By now the sun had risen on what was turning out to be a beautiful, crisp and clear day. As it approached 10am and I climbed the hill for my 23rd time, I was joined by Mike Jones my first support rider. I’d first met Mike only a couple of weeks earlier, this was during the annual Beacon Wheelers club hill climb event on Great Dun Fell. I’d had a decent ride and thought I’d bagged the quickest time with a respectable 26:45, this was until Mike came storming up the climb over a minute quicker leaving me to settle for second. It was nice to catch up and we chatted about all things cycling, including the upcoming National Hill Climb he’d set his sights on later in the year. Dave rode with me for about an hour before having to head off, he seemed keen on staying the whole day if he could have and was definitely up for attempting the challenge himself at some point.
Whist riding with Mike I’d passed 11,000ft (3,350m) and so one third was done, I was back to riding on my own with just my radio for company. It was a beautiful day so I just enjoyed it, and at just over 7 hours I passed half way. I was feeling ok and doing pretty well on time, another hour passed passed, and then another. After 9 hours in the saddle it was 2:30pm and I’d just pasted 20,000ft (6,000m) I’d not had to many breaks but I allowed myself 10 minutes to stuff my face with the usual ‘Everesting’ goodies. I was sticking with the same old fuel of bananas/rice pudding/sandwiches/energy bars/gels etc. all of which seemed to be going down ok. It’s probably fair to say that at around this point things started to get harder, and after another 3 hours of riding they were defiantly getting harder. It was 5pm and I’d been riding for not far off 12 hours, I’d not had any support riders since my encounter with Dave in the morning. It was a bit of a mental battle that was becoming more physical by the minute, my reps had slowed and I couldn’t help keep trying to work out what time I might get finished.
Not long after 5pm I get a phone call off my girlfriend Mairi, she’s heading over and should be with me about 6pm. This is welcome news indeed and spurs me on to keep clocking up the reps, as I finish my 57th she’s waiting at the top, armed with extra supplies and a friendly smile. After checking a have everything I need she heads in to town to grab batteries for my garmins backup, by now I’ve realised it’s going to be a longer ride than originally hoped. I keep on grinding out the reps all be it a little slower than earlier in the day, and by the time Mairi returns I’m approaching my 64th. I’d essentially completed an ‘Everest’ with 29,029ft (8,848m) but to claim the SSSS I had to hit 32,808ft (10,000m) By now my Garming was getting low, I hooked up the battery backup I’d bought after nearly losing my last ‘Everest’ data during my Off-Road attempt.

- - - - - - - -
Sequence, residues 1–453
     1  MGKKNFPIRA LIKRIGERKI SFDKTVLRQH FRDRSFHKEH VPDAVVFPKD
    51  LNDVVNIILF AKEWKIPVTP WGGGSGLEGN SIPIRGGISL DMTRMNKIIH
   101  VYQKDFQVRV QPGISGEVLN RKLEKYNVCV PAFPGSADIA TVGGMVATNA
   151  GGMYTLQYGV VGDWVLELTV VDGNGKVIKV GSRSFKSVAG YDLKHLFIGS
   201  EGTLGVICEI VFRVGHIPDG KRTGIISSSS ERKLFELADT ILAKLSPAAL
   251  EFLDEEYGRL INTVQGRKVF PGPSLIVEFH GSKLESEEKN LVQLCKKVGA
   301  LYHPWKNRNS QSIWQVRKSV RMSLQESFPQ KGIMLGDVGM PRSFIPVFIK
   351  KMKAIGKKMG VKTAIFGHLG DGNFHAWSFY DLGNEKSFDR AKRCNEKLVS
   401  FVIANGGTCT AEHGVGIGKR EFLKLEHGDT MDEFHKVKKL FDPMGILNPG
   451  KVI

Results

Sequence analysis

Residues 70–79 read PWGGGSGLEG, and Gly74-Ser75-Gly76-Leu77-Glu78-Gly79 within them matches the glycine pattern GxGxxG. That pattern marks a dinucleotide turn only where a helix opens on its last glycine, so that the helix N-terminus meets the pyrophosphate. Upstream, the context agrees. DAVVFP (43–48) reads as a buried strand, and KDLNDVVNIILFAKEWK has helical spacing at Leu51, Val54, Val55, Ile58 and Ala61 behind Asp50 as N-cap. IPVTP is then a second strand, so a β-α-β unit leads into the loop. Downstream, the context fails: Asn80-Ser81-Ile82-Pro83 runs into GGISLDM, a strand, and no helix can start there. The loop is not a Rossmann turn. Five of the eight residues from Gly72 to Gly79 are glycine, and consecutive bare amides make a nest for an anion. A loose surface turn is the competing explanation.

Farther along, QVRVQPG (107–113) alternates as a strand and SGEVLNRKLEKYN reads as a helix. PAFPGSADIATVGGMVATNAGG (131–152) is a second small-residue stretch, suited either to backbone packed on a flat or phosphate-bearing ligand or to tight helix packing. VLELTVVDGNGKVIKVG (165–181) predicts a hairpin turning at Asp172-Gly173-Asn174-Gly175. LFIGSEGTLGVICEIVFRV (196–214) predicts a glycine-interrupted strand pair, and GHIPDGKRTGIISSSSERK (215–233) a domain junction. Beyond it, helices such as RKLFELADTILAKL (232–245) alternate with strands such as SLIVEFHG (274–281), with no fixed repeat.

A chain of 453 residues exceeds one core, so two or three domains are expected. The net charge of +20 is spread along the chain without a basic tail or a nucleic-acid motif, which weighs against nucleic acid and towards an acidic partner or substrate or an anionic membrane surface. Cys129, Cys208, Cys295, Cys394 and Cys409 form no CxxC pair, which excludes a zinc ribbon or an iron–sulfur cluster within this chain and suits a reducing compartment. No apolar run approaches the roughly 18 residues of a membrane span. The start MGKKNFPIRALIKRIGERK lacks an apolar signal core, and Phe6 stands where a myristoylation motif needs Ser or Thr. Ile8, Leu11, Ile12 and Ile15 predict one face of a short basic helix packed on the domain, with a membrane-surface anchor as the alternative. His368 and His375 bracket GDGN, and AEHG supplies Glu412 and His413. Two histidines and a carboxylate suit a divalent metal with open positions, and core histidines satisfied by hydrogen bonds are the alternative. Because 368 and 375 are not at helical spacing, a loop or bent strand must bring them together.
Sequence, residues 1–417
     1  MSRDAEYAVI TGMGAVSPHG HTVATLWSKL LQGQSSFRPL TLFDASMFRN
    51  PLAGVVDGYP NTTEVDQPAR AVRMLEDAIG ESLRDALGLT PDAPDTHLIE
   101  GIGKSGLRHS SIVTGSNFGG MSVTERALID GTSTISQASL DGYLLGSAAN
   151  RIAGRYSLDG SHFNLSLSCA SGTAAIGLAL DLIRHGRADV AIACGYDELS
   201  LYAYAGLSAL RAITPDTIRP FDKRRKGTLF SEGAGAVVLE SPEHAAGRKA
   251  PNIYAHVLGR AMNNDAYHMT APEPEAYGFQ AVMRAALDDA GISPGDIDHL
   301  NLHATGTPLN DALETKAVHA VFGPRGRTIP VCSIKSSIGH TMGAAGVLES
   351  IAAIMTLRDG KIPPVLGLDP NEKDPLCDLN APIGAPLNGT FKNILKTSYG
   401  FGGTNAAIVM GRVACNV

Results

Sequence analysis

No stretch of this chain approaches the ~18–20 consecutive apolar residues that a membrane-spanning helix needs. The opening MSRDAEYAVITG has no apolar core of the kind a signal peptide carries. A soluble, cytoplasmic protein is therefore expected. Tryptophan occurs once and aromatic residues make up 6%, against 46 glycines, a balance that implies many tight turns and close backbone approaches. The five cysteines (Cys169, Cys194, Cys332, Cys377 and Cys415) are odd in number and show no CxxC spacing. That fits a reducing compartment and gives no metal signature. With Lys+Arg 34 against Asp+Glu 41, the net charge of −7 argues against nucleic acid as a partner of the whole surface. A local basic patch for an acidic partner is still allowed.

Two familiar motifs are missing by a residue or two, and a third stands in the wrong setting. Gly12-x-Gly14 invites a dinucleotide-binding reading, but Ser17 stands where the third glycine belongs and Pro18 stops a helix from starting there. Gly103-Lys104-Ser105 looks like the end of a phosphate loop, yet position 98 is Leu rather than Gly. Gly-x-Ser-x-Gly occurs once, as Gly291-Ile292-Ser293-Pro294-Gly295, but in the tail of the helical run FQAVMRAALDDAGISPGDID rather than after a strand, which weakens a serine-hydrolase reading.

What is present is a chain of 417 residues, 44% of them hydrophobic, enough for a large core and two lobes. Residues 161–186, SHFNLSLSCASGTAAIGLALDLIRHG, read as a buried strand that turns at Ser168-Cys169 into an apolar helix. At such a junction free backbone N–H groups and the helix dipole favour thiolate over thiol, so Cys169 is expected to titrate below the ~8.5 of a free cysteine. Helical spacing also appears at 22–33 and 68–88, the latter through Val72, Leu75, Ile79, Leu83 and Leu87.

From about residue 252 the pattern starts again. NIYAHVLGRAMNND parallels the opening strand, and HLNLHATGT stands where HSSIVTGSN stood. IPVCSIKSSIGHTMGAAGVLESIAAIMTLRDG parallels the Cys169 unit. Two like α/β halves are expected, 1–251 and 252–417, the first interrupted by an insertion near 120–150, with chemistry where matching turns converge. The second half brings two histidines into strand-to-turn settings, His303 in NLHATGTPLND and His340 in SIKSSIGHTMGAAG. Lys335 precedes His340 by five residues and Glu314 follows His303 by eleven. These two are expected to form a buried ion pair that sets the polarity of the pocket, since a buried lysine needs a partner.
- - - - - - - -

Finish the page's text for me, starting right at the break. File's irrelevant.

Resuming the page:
After another few more reps I was joined by Jamie, he’d come over to ride the last couple of hours with me and I was more than glad he’d made it. Jamie was also from Nenthead and had ridden a couple of reps of Great Dun Fell during my first effort. With 6 reps remaining the sun had dropped and darkness was back, it was quiet again as people hid in their cosy houses, in front of their TV’s. I could hardly blame them, as I quite fancied putting my feet up on the sofa instead of riding up this bloody hill.
As we rode to the top I completed my 8th and
needed a break, I sat in the car a cracked open a flask of coffee. I’d been on the go for 15hrs30mins and it was 9pm, Mairi had work in the morning so a said that she best get back and Jamie offered to stay until the end. She wished me luck and left Jamie and I to finish the final 5 reps, normally this would have only taken and hour but I’d slowed right down now and each rep was a little mini battle of its own.
Jamie kept me chatting with random conversations that would help distract me, until eventually we were climbing the hill for the final time. As we reached the top it was 10.30pm, I’d clocked up 137 miles over 17 hours and climbed 33,140ft (10,101m) It was a great feeling to have ticked the fourth and final ride off the list. I’d managed to be the first to complete the SSSS Elite Category although Mr Jon Van Seters had certainly made it a sprint for the line.
View Ride On Strava.